Birth Control Injection Increases Risk of Bone Loss in Certain Women

Nearly 50% of DMPA Users Will Experience High Bone Mineral Density Loss in the Lower Spine or Hip, Study Finds

A birth control injection named depot medroxyprogesterone acetate (DMPA) results in significant bone loss in the lower back or hip within two years of its use, according to new research detailing that women who use this contraceptive and smoke, have low calcium levels and have not yet conceived a child are at a higher risk for such side effects.

As detailed in the January 2010 issue of Obstetrics and Gynecology, this study followed 95 DMPA users for two years.

According to the study’s findings, 45 of those women experienced at least 5% bone loss in the lumbar spine or hip during this 2-year time period. Approximately 50 women had less than 5% bone loss during this time.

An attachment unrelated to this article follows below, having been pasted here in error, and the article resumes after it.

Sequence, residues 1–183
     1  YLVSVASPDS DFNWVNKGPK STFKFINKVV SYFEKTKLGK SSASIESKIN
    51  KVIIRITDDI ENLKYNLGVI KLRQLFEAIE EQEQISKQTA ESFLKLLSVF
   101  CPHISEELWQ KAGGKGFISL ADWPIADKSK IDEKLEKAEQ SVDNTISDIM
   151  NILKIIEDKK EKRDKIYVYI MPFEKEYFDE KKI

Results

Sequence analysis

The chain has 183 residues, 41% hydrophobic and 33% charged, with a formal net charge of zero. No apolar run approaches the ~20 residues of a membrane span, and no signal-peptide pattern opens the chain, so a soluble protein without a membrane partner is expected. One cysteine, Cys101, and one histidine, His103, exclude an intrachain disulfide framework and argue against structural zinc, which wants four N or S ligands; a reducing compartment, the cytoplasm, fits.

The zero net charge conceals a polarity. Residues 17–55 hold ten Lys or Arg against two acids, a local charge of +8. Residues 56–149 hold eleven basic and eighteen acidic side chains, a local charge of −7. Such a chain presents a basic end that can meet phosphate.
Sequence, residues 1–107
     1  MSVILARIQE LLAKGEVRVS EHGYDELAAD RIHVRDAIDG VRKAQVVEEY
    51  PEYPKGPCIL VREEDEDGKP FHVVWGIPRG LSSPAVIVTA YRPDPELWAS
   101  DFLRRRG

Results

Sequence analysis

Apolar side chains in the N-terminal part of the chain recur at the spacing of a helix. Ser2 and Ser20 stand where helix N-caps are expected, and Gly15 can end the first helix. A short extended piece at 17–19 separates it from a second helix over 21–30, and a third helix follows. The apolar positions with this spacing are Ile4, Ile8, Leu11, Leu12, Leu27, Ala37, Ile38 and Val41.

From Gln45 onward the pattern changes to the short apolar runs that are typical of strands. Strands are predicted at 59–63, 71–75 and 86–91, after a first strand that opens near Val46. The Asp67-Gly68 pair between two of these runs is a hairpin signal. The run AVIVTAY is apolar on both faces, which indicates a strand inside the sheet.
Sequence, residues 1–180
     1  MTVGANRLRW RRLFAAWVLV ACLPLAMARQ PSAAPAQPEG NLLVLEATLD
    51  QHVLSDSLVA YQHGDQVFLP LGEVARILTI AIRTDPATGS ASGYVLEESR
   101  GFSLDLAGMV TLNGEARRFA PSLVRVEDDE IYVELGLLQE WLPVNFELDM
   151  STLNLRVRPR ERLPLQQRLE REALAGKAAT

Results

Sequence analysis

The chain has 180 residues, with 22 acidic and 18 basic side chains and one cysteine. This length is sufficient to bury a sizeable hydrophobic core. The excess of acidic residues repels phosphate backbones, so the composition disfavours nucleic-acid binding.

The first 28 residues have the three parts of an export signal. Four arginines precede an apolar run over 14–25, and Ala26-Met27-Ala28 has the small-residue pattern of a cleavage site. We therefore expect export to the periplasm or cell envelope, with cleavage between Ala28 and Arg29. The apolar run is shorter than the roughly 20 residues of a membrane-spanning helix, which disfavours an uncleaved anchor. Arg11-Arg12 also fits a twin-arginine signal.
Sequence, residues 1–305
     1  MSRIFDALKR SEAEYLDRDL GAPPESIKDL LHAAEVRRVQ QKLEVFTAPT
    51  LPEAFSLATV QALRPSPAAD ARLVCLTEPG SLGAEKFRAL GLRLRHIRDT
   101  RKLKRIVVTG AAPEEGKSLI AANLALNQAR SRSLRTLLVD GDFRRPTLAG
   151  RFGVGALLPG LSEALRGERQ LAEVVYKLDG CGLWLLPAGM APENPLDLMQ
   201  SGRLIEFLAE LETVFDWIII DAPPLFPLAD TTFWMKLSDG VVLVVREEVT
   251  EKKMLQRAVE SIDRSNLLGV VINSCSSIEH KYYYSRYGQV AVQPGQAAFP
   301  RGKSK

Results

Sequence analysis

Additionally, 27 of the women who had significant bone loss in the first two years of DMPA use continued to lose bone mass, according to researchers at the University of Texas Medical Branch at Galveston who followed these women for an additional year.

According to the researchers, factors like age, race, previous contraceptive use or body mass index were not associated with more bone loss, as was the case with smoking, never giving birth and consuming 600 mg or less of calcium on a daily basis.

Injected once every three months, DMPA has been estimated to be used by more than 2 million American women, including 400,000 teens.

Human bone production is a dynamic process marked by creation and removal of bone, with most adults reaching their peak bone density around 30 years of age. After this point, more bone is typically lost than gained.

With accelerated loss of bone mineral density, such as from DMPA, patients can become susceptible to osteopenia or osteoporosis, a condition marked by bones that have thinned, weakened and become fragile, possibly resulting in fractures.

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